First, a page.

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Factors influencing iron nutrition among one-year-old healthy children in Sweden.

Bramhagen, Ann-Cathrine LU ; Svahn, Johan LU ; Hallström, Inger LU and Axelsson, Irene LU (2011) In Journal of Clinical Nursing 20(13-14). p.1887-1894
Abstract
Aims and objectives. To describe possible social, nutritional and biological factors influencing iron intake and iron status among healthy one-year-old children in southern Sweden. Background. Iron deficiency is one of the most important nutritional disorders and increases the risk of delayed mental and motor development. Children are at risk because of rapid growth, which entails relatively high requirements of iron. Design. A prospective study using survey methods. Method. Randomly selected one-year-old children (n = 90) and their parents participated. Parents answered a questionnaire enquiring about demographic data and the child's feeding and health during the first year. The child's total food intake and blood samples (haemoglobin,... (More)
Aims and objectives. To describe possible social, nutritional and biological factors influencing iron intake and iron status among healthy one-year-old children in southern Sweden. Background. Iron deficiency is one of the most important nutritional disorders and increases the risk of delayed mental and motor development. Children are at risk because of rapid growth, which entails relatively high requirements of iron. Design. A prospective study using survey methods. Method. Randomly selected one-year-old children (n = 90) and their parents participated. Parents answered a questionnaire enquiring about demographic data and the child's feeding and health during the first year. The child's total food intake and blood samples (haemoglobin, mean corpuscular volume, S-ferritin and transferring receptor) were obtained. Results. Twenty-seven per cent of the children had an iron intake below the Nordic Nutrition Recommendations of 8 mg/day (NNR 2004). Follow-on formula and iron-fortified porridge contributed to 64% of the child's total iron intake. Partial breastfeeding and low maternal education correlated negatively with iron intake from complementary food. In total, 10·3% (n = 9) of the children were found to be iron-depleted (S-ferritin ≤12 μg/l), and 2·3% (n = 2) had iron deficiency with or without anaemia (Hb ≤100 g/l). Conclusions. One-year-old children in Sweden may be at risk of developing iron deficiency, but information about iron-rich food can improve iron status. Relevance to clinical practice. Knowledge about factors influencing children's iron intake and iron status may improve the nutritional advice and education from the Child Health Services to prevent or detect iron deficiency. (Less)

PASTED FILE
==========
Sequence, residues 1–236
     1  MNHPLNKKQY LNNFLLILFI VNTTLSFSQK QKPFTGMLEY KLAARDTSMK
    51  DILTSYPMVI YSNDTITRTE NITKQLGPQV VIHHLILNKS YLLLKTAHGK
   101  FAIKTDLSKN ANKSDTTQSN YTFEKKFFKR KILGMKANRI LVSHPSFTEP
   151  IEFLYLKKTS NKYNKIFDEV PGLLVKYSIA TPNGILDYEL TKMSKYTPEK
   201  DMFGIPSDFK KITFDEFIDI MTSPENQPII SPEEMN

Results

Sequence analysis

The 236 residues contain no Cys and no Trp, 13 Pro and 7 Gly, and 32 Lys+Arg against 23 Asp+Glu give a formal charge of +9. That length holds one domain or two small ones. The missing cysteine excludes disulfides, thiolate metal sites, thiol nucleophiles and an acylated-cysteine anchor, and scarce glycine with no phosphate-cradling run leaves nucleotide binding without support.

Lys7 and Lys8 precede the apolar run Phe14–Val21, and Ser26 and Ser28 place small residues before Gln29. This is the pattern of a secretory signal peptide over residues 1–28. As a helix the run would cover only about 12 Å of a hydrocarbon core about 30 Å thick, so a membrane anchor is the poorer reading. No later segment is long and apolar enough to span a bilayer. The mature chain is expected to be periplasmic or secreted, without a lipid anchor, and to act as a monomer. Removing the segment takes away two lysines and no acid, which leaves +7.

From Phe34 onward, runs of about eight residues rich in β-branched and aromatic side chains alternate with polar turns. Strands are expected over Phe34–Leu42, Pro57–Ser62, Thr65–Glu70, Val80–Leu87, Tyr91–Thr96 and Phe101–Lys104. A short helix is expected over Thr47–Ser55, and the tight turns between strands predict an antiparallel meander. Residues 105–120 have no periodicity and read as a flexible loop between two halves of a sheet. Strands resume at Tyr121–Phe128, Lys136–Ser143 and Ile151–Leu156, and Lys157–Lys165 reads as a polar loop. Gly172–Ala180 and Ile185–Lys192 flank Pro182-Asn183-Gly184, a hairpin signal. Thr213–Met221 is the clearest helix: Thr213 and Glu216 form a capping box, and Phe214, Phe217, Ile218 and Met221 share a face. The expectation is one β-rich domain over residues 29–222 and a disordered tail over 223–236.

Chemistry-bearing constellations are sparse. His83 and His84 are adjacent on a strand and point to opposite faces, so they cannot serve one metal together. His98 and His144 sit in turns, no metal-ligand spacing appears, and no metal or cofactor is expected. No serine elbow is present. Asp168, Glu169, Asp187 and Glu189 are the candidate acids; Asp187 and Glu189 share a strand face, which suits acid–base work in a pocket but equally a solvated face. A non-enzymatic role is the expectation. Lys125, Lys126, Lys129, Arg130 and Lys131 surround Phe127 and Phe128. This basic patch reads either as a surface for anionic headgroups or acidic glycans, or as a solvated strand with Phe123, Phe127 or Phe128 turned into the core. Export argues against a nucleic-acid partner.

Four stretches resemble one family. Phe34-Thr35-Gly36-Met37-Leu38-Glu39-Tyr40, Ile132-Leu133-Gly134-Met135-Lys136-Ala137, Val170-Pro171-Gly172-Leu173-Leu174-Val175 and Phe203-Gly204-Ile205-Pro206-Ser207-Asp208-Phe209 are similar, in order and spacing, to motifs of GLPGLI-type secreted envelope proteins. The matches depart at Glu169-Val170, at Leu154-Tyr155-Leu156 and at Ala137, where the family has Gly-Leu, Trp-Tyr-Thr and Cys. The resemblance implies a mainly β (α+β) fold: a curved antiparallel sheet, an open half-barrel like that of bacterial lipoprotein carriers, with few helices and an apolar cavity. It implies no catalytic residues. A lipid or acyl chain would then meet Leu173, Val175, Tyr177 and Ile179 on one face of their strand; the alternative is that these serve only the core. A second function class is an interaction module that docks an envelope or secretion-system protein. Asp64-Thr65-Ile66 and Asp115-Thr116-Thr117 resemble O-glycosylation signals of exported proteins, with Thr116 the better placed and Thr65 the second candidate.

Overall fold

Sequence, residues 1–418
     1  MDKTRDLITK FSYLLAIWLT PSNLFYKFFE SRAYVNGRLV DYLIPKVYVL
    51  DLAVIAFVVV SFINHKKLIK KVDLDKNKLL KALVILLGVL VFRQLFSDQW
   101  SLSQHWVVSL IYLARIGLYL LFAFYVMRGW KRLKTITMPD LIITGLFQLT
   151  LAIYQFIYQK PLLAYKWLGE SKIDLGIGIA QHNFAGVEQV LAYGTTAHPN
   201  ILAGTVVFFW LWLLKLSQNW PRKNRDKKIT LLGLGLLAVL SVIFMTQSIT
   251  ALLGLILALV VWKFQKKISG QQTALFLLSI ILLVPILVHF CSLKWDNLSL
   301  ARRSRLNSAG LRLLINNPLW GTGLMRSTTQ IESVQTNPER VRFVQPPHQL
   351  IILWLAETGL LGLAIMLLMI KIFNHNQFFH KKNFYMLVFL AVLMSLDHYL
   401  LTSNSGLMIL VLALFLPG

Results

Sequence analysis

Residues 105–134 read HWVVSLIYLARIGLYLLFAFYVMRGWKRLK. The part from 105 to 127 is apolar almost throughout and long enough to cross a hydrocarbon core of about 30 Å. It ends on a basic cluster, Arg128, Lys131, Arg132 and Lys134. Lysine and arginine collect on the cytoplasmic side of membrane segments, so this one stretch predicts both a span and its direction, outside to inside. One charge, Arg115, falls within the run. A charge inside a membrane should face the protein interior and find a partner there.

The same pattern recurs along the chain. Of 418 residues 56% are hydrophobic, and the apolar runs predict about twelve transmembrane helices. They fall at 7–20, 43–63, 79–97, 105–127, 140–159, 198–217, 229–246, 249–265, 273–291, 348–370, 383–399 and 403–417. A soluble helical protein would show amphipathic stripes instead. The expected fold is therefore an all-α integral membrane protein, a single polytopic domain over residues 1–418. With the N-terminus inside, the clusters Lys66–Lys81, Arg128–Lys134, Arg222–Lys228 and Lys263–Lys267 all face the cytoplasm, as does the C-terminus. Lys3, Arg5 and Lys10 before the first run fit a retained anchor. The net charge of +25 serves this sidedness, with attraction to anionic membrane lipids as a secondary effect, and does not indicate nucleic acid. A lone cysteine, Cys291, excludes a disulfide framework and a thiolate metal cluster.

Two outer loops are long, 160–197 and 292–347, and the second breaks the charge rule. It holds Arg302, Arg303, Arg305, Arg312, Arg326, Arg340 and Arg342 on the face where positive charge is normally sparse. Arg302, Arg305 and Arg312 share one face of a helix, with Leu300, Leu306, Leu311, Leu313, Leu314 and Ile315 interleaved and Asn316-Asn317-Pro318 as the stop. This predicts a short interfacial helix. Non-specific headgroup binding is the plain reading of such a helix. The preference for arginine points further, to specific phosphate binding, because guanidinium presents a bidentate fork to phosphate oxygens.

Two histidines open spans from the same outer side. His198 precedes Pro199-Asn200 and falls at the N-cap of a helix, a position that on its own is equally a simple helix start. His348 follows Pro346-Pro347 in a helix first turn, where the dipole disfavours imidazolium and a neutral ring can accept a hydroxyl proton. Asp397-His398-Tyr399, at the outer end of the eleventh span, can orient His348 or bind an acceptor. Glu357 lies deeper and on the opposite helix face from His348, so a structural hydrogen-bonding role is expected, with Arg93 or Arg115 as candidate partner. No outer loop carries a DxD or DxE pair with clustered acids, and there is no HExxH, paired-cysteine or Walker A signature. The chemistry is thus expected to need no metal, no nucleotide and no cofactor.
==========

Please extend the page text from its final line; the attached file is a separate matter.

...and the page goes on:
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author
organization
publishing date
type
Contribution to journal
publication status
published
subject
keywords
children, iron intake, iron status, nurses, nursing, questionnaire
in
Journal of Clinical Nursing
volume
20
issue
13-14
pages
1887 - 1894
publisher
Wiley-Blackwell
external identifiers
  • wos:000292546100011
  • pmid:21545665
  • scopus:79958780616
ISSN
1365-2702
DOI
10.1111/j.1365-2702.2010.03639.x
language
English
LU publication?
yes
id
c38a6ea8-33f6-47df-b19e-f9f5fa27c9ec (old id 1973124)
alternative location
http://www.ncbi.nlm.nih.gov/pubmed/21545665?dopt=Abstract
date added to LUP
2011-06-07 14:12:14
date last changed
2017-01-01 06:29:42
@article{c38a6ea8-33f6-47df-b19e-f9f5fa27c9ec,
  abstract     = {Aims and objectives. To describe possible social, nutritional and biological factors influencing iron intake and iron status among healthy one-year-old children in southern Sweden. Background. Iron deficiency is one of the most important nutritional disorders and increases the risk of delayed mental and motor development. Children are at risk because of rapid growth, which entails relatively high requirements of iron. Design. A prospective study using survey methods. Method. Randomly selected one-year-old children (n = 90) and their parents participated. Parents answered a questionnaire enquiring about demographic data and the child's feeding and health during the first year. The child's total food intake and blood samples (haemoglobin, mean corpuscular volume, S-ferritin and transferring receptor) were obtained. Results. Twenty-seven per cent of the children had an iron intake below the Nordic Nutrition Recommendations of 8 mg/day (NNR 2004). Follow-on formula and iron-fortified porridge contributed to 64% of the child's total iron intake. Partial breastfeeding and low maternal education correlated negatively with iron intake from complementary food. In total, 10·3% (n = 9) of the children were found to be iron-depleted (S-ferritin ≤12 μg/l), and 2·3% (n = 2) had iron deficiency with or without anaemia (Hb ≤100 g/l). Conclusions. One-year-old children in Sweden may be at risk of developing iron deficiency, but information about iron-rich food can improve iron status. Relevance to clinical practice. Knowledge about factors influencing children's iron intake and iron status may improve the nutritional advice and education from the Child Health Services to prevent or detect iron deficiency.},
  author       = {Bramhagen, Ann-Cathrine and Svahn, Johan and Hallström, Inger and Axelsson, Irene},
  issn         = {1365-2702},
  keyword      = {children,iron intake,iron status,nurses,nursing,questionnaire},
  language     = {eng},
  number       = {13-14},
  pages        = {1887--1894},
  publisher    = {Wiley-Blackwell},
  series       = {Journal of Clinical Nursing},
  title        = {Factors influencing iron nutrition among one-year-old healthy children in Sweden.},
  url          = {http://dx.doi.org/10.1111/j.1365-2702.2010.03639.x},
  volume       = {20},
  year         = {2011},
}